It’s official – Shrek 4-D is ogre, and the Minions are taking over. Whaaaaaaatt!?
Illumination’s Villain-con Minion Blast is arriving at Universal Studios Florida in Summer 2023. The former location of Monsters Cafe is also being taken over by our favorite, goggled workers and becoming Minion Cafe. This takeover has assisted in the transition of Production Central becoming Illumination Ave in an officially declared Minion Land.
The announcement of this replacement is representative of a larger, culturally-wide battle the two production studios (DreamWorks Animation and Illumination Entertainment) have been fighting. Over the years, the two studios have competed for both at the box office and in the cultural zeitgeist to be the distant second behind Disney’s Pixar Animation Studios, the indisputable titan of children’s contemporary animated films. Shrek (DreamWorks) won an Oscar in the category of Best Animated Feature Film in 2001, and the attraction was installed at Universal Studios Florida two years later. Like Despicable Me, Shrek expanded into a number of films – Shrek 2 (2004, which also received an Oscar nod), Shrek the Third (2007), Shrek Forever After (2010), and Puss in Boots (2011) were all theatrical releases that performed at the box office. Two holiday short films were also released and received general approval and reinforced the cult following of the franchise. Despite the critical and commercial success of the Ogre, a new good bad guy emerged with immediate and enduring success in 2010.
Despicable Me (2010) was an instant-classic. At its core, the film is a classic hero story overlaid with a unique premise: a washed-up villain (Felonious Gru) adopts three young girls (Margo, Edith, and Agnes) to steal a weapon from the new kid on the block (Vector) and regain his dominance as the de-facto bad man on campus. (In these ways, the story parallels Shrek quite well: a grumpy, hardened hero must team up with heart-softening allies to go on a quest to reassert his dominance.) Of course, things go predictably wrong in all aspects of the story: Gru begins to care for the girls as if they were his own, causing him to re-evaluate his life as a villain and his larger priorities. They change his life for the better and he realizes that success comes in many forms. If you haven’t seen it, I sincerely recommend a watch. It’s leagues above the other Illumination Entertainment productions, not least because of the influence and work of the ensemble cast, which includes Steve Carell (Gru), Jason Segel (Vector), Miranda Cosgrove (Margo), and Russell Brand (Dr. Nefario) in main roles, with the support of Kristen Wiig and Julie Andrews in minor (but impactful) ones. Most importantly, it’s a film that strikes the balance all the good “kid’s movies” do – simultaneously appealing to children in its animation and voice acting while relating to adults through its thematic development and humor.
The success of Despicable Me was enough to turn the singular film into a franchise: Despicable Me 2 (2013), Minions (2015), Despicable Me 3 (2017), and a number of animated short films are all part of the Despicable Me universe. Another installment of the franchise, Minions: Rise of Gru (2022), was released earlier this year.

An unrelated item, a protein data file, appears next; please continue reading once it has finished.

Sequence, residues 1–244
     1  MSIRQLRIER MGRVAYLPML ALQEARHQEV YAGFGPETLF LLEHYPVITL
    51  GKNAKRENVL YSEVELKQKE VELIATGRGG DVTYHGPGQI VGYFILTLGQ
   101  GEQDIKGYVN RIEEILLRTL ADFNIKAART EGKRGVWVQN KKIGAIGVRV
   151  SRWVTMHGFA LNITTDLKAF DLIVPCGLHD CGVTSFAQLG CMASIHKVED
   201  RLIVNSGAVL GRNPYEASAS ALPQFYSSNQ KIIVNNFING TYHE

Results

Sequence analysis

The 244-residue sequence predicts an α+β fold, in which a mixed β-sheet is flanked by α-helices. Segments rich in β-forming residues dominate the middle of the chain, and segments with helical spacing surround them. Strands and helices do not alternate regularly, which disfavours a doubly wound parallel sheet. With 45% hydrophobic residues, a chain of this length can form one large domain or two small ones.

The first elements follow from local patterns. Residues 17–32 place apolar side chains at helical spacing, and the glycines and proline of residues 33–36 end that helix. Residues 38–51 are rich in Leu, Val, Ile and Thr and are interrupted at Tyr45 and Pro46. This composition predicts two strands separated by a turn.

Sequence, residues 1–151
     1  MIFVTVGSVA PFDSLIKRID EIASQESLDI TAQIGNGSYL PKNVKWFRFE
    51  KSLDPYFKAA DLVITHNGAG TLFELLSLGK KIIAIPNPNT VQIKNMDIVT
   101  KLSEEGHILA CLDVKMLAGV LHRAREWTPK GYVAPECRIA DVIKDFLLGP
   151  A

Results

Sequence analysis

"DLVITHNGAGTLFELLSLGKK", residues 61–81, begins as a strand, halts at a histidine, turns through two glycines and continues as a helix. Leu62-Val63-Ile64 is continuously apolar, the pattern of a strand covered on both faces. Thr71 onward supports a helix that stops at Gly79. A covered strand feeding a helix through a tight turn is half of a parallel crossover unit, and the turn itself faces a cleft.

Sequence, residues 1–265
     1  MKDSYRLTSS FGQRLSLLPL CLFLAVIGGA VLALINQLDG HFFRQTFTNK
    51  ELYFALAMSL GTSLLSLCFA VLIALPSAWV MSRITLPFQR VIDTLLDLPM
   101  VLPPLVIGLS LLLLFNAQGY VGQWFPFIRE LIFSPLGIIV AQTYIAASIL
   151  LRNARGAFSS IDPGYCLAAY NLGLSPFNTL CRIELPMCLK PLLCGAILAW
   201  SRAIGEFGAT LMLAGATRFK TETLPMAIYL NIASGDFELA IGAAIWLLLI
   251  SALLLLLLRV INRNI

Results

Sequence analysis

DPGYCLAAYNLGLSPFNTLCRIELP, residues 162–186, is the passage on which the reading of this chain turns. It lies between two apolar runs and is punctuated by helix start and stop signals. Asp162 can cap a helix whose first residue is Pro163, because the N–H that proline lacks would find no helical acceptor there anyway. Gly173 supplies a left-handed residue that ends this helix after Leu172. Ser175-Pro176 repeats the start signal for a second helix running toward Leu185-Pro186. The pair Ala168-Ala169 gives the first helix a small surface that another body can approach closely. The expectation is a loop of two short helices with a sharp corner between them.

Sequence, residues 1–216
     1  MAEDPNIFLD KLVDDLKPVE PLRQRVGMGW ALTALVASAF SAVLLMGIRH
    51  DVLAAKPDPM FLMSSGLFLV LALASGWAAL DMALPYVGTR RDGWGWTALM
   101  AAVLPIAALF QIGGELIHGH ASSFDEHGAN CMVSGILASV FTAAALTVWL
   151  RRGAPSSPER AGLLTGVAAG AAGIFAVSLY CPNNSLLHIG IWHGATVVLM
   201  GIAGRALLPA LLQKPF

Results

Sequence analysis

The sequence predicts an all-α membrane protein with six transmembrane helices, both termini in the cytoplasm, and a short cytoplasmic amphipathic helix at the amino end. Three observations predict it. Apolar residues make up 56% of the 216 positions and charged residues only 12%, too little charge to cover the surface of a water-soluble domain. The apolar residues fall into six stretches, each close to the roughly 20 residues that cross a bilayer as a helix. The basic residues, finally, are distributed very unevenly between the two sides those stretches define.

Out of all the memorable characters from Despicable Me, one group rises above the rest – the Minions. The word “minion” comes from the Middle French word meaning “darling,” which I bring up only because the etymology, combined with the modern meaning of the word, is the perfect embodiment of these signature characters. As a group, they are wholly loyal to Gru and his pursuits while serving as foils to his abrasive and calloused demeanor. They represent this by being near-literal balls of sunshine (I figure bright yellow cylindrical tubes come close enough) who communicate in a simplified yet unique language peppered with the hallmark phrase: “papoy.” In perhaps their most endearing quality, many of the Minions all have extremely standard English names: including Kevin, Stuart, and Bob, to contrast with the unfamiliarity that personifies the rest of their character.
You might be asking yourself, “Isn’t there already a Minions attraction at Universal?” In a word – yes. Despicable Me: Minion Mayhem replaced Jimmy Neutron’s Nicktoon Blast in 2012, and the installation was so successful that Universal added it to Universal Studios Hollywood in 2014 and in Universal Studios Japan in 2017. If you’re familiar with the parks, you’ll know that the attraction consistently has a relatively high wait time, as its location near the entrance of the park and iconic facade draws families in to experience the simulator ride.
So, what’s in store for the new ride? The setting of this new attraction will be Villain-Con. You will be put to the test to see what it takes to join the Vicious 6, a group of supervillains that Minion franchise fans will recognize from Minions: The Rise of Gru. With an interactive blaster, you and the minions will travel through various scenes on a “motion-based pathway,” earning points for creating as much destruction as possible. It sounds like so much fun; it may just be a crime.
We can’t wait to see what further details emerge about the new Minions ride. What do you think they will be? Be sure to follow Orlando Informer on Facebook, Twitter, and Instagram for the latest news, tips, and rumors at Universal Orlando, Walt Disney World, and other Orlando attractions.